As I write this, Morgan Nilsen and Justin Ancheta are just settling in for the night after a ride to Davis. They will finish in Justin’s hometown of Auburn tomorrow afternoon. Who are Morgan and Justin and what do they have to do with the Bay Trail, you ask? They are musicians and environmentalists and, apparently, avid cyclists and believers in renewable energy. Not just believers, however. No “I am green, therefore great” self-congratulatory praise coming from them. They actually get out there and find ways to practice their religion in order to do what they can to make a positive impact on their world, on our world.
On the ferry ride from San Francisco to Vallejo this morning, I noticed these two young millennials with their bikes and packs and was curious what their story was. Justin’s bike is not your ordinary, run of the mill mountain bike or beach cruiser. It is something Nikola Tesla and Dr. Frankenstein would have dreamt up together in a garage in Palo Alto (if one wasn’t dead and the other fictional, that is). The bike resembles a beach cruiser but has a motorized rear wheel with a rechargeable battery to assist him on hills. Justin is part of the Bicycle Music festival. With the World’s Largest Human-powered Sound System pumping out their tunes you will be able to see – and hear – them for yourself in Golden Gate Park on June 22nd. He actually has a speaker built onto his bike that is powered by a generator that produces electricity from the forward motion of the bike. A hybrid bicycle of sorts as Justin described it.
Justin gave me his latest CD which I am about to download so I can listen to it on my way back to Rodeo tomorrow to begin my trek to Point Pinole. His band is aptly named the Justin Ancheta Band and you can learn more about their music and the Bicycle Music Festival on his website www.justinancheta.com. I got around to explaining what I was up to on the Bay Trail and learned that they, along with another group of like-minded cyclists, had actually recently circumnavigated the Bay on their bikes using the Bay Trail when possible!
Soon after Morgan and Justin went on their way I met up with Sarah Rohrs of the Vallejo Times Herald and we sat down and talked about the Bay Trail, public transportation and my little odyssey of sorts before I headed out on the trail along the Vallejo waterfront from just south of the Highway 37 overpass. The journey through Vallejo was one of both historical value as well as cultural. Omnipresent Mare Island, purchased by the government as a ship building yard in 1852, looms large across the water along the entire waterfront which was as culturally diverse as San Francisco’s Mission District during Carnival. I made my way down Sonoma Boulevard toward the Carquinez Bridge and approached the bridge from Carquinez Park. Since the sidewalk on Sonoma Boulevard came to an end at Magazine Street by the Norman C. King Community Center, I turned right here and looped around up Porter Street to the back side of Carquinez Park before finding my way to the pedestrian on-ramp.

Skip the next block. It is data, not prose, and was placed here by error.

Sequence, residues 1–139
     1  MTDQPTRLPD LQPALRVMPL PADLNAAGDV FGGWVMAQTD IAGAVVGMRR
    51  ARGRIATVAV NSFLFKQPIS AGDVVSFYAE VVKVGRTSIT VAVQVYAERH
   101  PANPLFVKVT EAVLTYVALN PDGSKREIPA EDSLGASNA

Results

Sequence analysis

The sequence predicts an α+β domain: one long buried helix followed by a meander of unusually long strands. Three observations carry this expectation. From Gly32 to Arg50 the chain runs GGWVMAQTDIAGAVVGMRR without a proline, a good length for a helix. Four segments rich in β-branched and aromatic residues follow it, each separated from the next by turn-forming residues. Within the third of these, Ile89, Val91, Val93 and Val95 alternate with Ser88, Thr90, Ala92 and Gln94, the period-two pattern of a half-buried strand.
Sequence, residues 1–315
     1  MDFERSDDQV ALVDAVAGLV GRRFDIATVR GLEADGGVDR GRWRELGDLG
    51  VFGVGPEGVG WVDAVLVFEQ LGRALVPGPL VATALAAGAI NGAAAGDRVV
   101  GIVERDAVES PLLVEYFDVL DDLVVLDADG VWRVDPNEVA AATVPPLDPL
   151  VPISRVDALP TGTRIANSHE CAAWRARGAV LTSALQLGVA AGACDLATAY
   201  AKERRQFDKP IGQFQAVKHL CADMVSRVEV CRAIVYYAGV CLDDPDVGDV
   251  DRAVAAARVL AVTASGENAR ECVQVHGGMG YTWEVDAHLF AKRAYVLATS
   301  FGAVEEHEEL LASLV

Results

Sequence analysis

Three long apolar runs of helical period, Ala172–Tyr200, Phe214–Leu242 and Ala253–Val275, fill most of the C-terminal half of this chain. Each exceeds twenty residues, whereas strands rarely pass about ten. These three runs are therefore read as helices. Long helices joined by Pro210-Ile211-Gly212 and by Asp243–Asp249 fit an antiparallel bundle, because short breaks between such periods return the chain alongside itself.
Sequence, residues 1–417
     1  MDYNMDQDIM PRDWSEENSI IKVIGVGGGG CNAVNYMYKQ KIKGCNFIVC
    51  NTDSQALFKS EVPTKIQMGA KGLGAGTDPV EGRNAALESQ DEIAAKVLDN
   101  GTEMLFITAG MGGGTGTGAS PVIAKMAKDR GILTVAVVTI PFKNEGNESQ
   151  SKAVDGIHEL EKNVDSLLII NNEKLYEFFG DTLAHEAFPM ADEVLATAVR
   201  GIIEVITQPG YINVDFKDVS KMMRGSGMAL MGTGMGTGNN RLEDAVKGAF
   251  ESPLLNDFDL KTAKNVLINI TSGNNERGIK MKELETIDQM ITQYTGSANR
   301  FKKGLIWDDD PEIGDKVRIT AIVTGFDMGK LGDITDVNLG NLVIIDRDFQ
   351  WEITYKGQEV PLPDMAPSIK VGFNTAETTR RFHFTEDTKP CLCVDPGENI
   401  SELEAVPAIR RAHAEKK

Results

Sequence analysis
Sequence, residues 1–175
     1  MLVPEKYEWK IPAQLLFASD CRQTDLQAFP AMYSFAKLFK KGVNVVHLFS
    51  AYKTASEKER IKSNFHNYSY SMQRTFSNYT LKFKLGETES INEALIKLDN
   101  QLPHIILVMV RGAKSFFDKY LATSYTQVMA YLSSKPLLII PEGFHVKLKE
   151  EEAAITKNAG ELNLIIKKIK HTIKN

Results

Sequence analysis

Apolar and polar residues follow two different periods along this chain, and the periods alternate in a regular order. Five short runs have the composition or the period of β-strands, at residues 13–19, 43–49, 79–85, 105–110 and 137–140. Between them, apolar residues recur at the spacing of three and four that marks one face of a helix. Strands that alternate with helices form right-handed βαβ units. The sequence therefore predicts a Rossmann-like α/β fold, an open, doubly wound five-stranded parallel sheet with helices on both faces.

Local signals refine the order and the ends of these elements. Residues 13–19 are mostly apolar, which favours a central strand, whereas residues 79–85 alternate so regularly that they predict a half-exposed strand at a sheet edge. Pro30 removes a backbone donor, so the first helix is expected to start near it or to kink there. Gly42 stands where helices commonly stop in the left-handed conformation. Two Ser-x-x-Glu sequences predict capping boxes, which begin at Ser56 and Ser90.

An unexpected detour awaited me on the other side. I was greeted at The Dead Fish in Crockett by the Godmother of all things Bay Trail, Project Director, Laura Thompson. With a full brimmed gardening hat pulled slightly over her forehead and sunglasses holding off the glare of the midday sun, she made me an offer I couldn’t refuse. I made a weak attempt at protest, but she simply motioned to the passenger door of her Subaru. I knew I had to get in. The remainder of my planned route for the day was 99% along the Lincoln Highway (San Pablo Road) which is not yet a formal section of the trail. With virtually no shoulder along this stretch she explained that it was highly “inadvisable” that I walk it. I was driven back across the bridge and down to a remote parking lot next to an ancient Indian burial ground at the edge of the straight. This isn’t the direction I had planned on going. Where is she taking me? Who are these mysterious Bay Trail people anyways?
My fears subsided as she handed me water which I gladly accepted. She had to make sure I was properly hydrated for my next hike – Glen Cove and the Benicia State Recreation Area. OK, so it was all good, no Lincoln Highway, but in exchange I was able to replace the miles with a section not along my original planned route. Located on the north side of the Straight and east side of I-80, the Bay Trail path connecting Glen Cove to Vallejo is still in the planning stages as are most sections that loop around the Carquinez Straight between the Carquinez and Benicia-Martinez bridges. Both bridges, however, have pedestrian friendly pathways that are designated Bay Trail sections.
These Bay Trail folks are really good people and I know my family was grateful that Laura was out there protecting me from doing ill-advised, ego-fed, and somewhat stupid things like walking along highways. I found out later that my mom was a bit worried when she noticed the flying heron icon (indicating my GPS location) had stopped on San Pablo Road where it remained for several hours. My battery died at this point and therefore I had no GPS tracking until I got home. After hiking one last section of the Bay Trail, Shoreline Park in Hercules, Laura drove me to the BART station where I scanned my Clipper card and settled in for the trip back to San Francisco. My East Bay journey was off to a great start with two awesome Bay Trails, Point Pinole and Point Richmond lying just ahead.